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Conflict of interest a 'very serious issue', needs to be sorted - Sourav Ganguly

'Hopefully we can put everything in place and bring back normalcy in Indian cricket,' he says

Vishal Dikshit
Vishal Dikshit
Speaking publicly for the first time since being picked as the unanimous choice for the post of the BCCI president, Sourav Ganguly has pointed out that the conflict-of-interest matter that has been cropping up often in recent times is a "very serious issue in Indian cricket."
Ganguly himself was pulled into the conflict-of-interest issue for his role as a commentator, for being part of the BCCI's Cricket Advisory Committee (CAC) and for being on the coaching staff of the IPL franchise Delhi Capitals, while also being president of the Cricket Association of Bengal. Ganguly had expressed his displeasure towards the conflict rule in the new BCCI constitution which asks one person to hold only one post in Indian cricket.
"Conflict [of interest] is an issue. Whether you will actually get the best cricketers in the [BCCI] system, I am not sure because they will have other options to avail," Ganguly said outside the BCCI headquarters in Mumbai on Monday after filing his nomination. "Because if they come into the system and not get to do what is their livelihood, it is very difficult for them to be part of this system and make a difference.
"So that's one issue which really needs to be looked at. Look at all the appointments that have happened in various forms whether it is the NCA (National Cricket Academy) or CAC or the appointment of batting coaches, fielding coaches, there has been issue with everything…commentators, IPL. This needs to be sorted as it is another very serious issue in Indian cricket."
Another issue Ganguly said that would be on his priority list would be to relook at the revenue share the BCCI gets from the ICC, which was reworked as part of the new financial model in 2017. "That's one area, we will have to take care of it because we have not received any money in the last three-four years from the ICC," Ganguly said. "Money in the sense what you deserve because India generates 75-80% of the (global cricket) revenue, so that is going to be one of the big agendas. Talks and discussions need to happen and we need to find a solution because this is not leading anywhere."
Ganguly also reflected on the state of Indian cricket administration and how it was an "emergency kind of situation in the BCCI in the last three years". He hopes the new administration can bring normalcy back in the board in the coming months.
"We have a lot of things to do," he said. "To get the administration in order because administration involves a lot of things, to get the house in order, to get the office in order, and most importantly cricket.
"It's a very important time in Indian cricket administration because of what all has happened in the last three years. To be in a position where I can make a difference along with the [administration] team would be extremely satisfying so hopefully, in the next few months, we can put everything in place and bring back normalcy in Indian cricket.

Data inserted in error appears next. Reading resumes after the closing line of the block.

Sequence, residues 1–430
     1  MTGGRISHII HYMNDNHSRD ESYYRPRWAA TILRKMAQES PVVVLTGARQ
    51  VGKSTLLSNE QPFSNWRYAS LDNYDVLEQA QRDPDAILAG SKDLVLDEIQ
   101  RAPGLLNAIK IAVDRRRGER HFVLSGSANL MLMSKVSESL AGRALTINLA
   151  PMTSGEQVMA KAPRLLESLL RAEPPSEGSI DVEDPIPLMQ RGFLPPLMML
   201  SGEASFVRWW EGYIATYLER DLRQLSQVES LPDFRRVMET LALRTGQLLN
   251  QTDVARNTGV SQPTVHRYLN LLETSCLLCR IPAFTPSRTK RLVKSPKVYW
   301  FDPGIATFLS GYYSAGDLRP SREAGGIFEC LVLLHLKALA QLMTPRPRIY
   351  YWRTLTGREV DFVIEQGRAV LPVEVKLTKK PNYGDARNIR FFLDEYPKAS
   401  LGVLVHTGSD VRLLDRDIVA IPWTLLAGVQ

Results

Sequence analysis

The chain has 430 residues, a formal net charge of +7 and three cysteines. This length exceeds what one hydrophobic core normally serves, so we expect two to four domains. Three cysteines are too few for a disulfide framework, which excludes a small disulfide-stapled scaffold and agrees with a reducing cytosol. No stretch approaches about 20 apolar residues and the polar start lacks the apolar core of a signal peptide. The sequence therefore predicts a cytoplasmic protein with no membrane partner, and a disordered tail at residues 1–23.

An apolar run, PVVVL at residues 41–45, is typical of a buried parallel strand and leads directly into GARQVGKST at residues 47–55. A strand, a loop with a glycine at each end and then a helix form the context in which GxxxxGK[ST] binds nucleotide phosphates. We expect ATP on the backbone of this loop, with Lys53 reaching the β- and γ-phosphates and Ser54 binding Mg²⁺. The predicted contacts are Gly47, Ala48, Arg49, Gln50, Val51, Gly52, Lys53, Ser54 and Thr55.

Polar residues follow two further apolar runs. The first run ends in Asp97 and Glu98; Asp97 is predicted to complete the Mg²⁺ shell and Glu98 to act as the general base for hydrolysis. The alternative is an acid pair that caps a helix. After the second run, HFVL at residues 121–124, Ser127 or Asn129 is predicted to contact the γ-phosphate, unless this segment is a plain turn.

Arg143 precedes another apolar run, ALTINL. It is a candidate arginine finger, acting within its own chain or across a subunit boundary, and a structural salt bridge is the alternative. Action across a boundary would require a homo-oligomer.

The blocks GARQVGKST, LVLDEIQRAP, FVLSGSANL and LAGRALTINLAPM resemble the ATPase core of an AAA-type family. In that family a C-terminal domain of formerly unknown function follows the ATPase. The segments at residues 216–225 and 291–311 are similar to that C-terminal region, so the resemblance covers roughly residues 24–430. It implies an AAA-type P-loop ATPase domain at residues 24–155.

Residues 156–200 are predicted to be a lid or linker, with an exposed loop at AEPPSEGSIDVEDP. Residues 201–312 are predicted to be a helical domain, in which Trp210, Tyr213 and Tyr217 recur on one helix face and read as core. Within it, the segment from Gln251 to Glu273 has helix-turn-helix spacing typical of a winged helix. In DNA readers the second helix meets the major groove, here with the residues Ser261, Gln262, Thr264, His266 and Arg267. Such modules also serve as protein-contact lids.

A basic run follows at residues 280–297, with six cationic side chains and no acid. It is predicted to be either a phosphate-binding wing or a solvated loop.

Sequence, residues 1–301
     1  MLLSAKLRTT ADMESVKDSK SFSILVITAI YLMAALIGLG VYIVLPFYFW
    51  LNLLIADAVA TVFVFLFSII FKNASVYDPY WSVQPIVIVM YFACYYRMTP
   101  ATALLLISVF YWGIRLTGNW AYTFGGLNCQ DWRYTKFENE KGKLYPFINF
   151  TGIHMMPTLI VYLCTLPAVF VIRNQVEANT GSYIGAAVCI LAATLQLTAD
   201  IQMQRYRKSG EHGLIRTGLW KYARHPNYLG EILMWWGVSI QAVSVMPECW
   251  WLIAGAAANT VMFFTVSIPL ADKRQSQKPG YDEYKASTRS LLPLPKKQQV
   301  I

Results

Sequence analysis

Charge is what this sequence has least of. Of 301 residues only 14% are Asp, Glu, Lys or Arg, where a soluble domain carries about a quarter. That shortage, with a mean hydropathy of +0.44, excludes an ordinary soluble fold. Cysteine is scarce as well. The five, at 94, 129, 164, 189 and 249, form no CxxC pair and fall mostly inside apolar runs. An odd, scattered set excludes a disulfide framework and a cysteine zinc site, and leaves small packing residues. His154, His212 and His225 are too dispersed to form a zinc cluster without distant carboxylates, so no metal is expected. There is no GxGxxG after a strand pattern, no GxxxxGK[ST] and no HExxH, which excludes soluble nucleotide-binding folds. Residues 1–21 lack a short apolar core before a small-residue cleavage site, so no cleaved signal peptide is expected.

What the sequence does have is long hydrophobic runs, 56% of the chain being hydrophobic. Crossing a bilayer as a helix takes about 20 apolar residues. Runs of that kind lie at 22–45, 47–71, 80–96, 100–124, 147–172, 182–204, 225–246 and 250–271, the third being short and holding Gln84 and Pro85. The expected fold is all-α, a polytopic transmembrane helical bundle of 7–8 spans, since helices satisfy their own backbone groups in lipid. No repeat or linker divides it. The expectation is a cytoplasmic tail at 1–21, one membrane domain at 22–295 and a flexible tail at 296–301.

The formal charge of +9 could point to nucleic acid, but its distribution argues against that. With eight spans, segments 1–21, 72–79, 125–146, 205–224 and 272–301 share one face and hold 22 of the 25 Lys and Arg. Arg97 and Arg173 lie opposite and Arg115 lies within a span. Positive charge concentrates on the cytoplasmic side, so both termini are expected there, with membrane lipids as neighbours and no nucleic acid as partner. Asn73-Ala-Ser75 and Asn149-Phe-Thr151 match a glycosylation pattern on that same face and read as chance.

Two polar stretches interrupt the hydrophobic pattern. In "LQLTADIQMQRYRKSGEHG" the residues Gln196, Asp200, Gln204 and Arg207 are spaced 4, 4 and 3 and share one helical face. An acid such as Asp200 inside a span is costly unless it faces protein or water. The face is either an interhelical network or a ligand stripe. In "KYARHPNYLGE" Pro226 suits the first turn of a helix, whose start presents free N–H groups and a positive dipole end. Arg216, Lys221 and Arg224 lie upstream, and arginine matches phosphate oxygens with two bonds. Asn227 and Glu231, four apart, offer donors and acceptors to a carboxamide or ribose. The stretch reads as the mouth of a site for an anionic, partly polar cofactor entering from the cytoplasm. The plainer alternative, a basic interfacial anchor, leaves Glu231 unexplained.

"It's very satisfying [to be picked as the new president]. It was almost an emergency kind of situation in the BCCI in the last three years. The members overcame that and the eight names that have been announced, we wish to bring BCCI back to normalcy. But there's a lot of work to do. Indian cricket, especially administration, has to be the best in the world and that's how it has been over the years."
As the October 23 BCCI election day approached, there were several reports about who would be elected as the new board president, led by the names of Ganguly and Brijesh Patel, the former India batsman and Karnataka State Cricket Association secretary. There were also reports of former BCCI presidents N Srinivasan and Anurag Thakur being indirectly involved in the elections by wanting their preferred candidates in the board. Ganguly, however, clarified he had not expressed his aspirations to become the new board chief nor had he been approached by any politician.
"I had never expressed my aspirations for this position," Ganguly stated. "There were senior people in the BCCI. I never spoke to anyone, I never expressed that I was keen. Ninety per cent of the representatives in the BCCI currently are new, absolutely new. The way the current constitution is framed, a lot of people are tentative to even decide on positions in the BCCI because if it's not good enough and if it's not a position where you can work and make a difference, you wouldn't want to be a part of it because they lose their state associations position.
"There are a lot of issues which are very complex and complicated which actually are different from what ground-level work is. Till 10.30 in the night [on Sunday] I was not aware of this, till I was told that I need to be the president and take this association forward with Jay [Shah, the new BCCI secretary] and Arun [Singh Dhumal, the new treasurer] and the vice-presidents and the apex council members and Jayesh George, the joint-secretary. I felt it was a great responsibility because even when I became captain in the year 2000, there were issues going around. It's always great to be looked at as someone who can do things in difficult situations and hopefully I can deliver."

Vishal Dikshit is a senior sub-editor at ESPNcricinfo